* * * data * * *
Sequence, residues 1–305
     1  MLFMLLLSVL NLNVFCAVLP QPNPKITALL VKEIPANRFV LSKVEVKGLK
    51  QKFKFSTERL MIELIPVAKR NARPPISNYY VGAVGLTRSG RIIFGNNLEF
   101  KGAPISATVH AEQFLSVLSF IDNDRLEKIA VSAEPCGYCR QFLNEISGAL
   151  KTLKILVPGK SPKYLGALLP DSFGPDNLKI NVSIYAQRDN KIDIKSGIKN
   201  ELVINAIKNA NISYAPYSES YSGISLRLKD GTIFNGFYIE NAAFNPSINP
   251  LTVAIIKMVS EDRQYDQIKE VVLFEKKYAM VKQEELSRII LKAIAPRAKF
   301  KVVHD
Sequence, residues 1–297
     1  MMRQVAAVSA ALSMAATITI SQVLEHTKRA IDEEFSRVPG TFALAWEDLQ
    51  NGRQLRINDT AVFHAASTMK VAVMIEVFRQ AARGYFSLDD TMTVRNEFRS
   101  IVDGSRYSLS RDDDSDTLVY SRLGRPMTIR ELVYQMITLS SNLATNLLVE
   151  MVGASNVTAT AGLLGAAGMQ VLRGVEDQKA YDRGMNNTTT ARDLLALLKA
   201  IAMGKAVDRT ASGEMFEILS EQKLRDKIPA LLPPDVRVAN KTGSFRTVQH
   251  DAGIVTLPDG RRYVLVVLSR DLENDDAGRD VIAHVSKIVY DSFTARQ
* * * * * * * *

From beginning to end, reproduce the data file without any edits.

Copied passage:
Sequence, residues 1–305
     1  MLFMLLLSVL NLNVFCAVLP QPNPKITALL VKEIPANRFV LSKVEVKGLK
    51  QKFKFSTERL MIELIPVAKR NARPPISNYY VGAVGLTRSG RIIFGNNLEF
   101  KGAPISATVH AEQFLSVLSF IDNDRLEKIA VSAEPCGYCR QFLNEISGAL
   151  KTLKILVPGK SPKYLGALLP DSFGPDNLKI NVSIYAQRDN KIDIKSGIKN
   201  ELVINAIKNA NISYAPYSES YSGISLRLKD GTIFNGFYIE NAAFNPSINP
   251  LTVAIIKMVS EDRQYDQIKE VVLFEKKYAM VKQEELSRII LKAIAPRAKF
   301  KVVHD
Sequence, residues 1–297
     1  MMRQVAAVSA ALSMAATITI SQVLEHTKRA IDEEFSRVPG TFALAWEDLQ
    51  NGRQLRINDT AVFHAASTMK VAVMIEVFRQ AARGYFSLDD TMTVRNEFRS
   101  IVDGSRYSLS RDDDSDTLVY SRLGRPMTIR ELVYQMITLS SNLATNLLVE
   151  MVGASNVTAT AGLLGAAGMQ VLRGVEDQKA YDRGMNNTTT ARDLLALLKA
   201  IAMGKAVDRT ASGEMFEILS EQKLRDKIPA LLPPDVRVAN KTGSFRTVQH
   251  DAGIVTLPDG RRYVLVVLSR DLENDDAGRD VIAHVSKIVY DSFTARQ